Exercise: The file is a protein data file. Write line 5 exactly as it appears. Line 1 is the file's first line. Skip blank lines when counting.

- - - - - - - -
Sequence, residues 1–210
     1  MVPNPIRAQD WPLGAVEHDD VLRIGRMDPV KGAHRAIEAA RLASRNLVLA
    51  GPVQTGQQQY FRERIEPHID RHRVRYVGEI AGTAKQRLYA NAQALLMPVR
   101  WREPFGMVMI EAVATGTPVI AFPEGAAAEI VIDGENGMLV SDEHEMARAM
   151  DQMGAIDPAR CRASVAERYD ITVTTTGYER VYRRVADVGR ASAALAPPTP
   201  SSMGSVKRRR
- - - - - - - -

   151  DQMGAIDPAR CRASVAERYD ITVTTTGYER VYRRVADVGR ASAALAPPTP